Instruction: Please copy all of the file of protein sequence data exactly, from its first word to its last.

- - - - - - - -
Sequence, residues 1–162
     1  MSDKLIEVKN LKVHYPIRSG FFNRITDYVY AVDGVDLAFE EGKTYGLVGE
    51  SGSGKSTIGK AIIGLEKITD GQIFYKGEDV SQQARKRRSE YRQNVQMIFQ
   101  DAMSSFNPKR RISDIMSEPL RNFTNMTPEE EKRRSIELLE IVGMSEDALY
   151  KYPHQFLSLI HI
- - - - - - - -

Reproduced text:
Sequence, residues 1–162
     1  MSDKLIEVKN LKVHYPIRSG FFNRITDYVY AVDGVDLAFE EGKTYGLVGE
    51  SGSGKSTIGK AIIGLEKITD GQIFYKGEDV SQQARKRRSE YRQNVQMIFQ
   101  DAMSSFNPKR RISDIMSEPL RNFTNMTPEE EKRRSIELLE IVGMSEDALY
   151  KYPHQFLSLI HI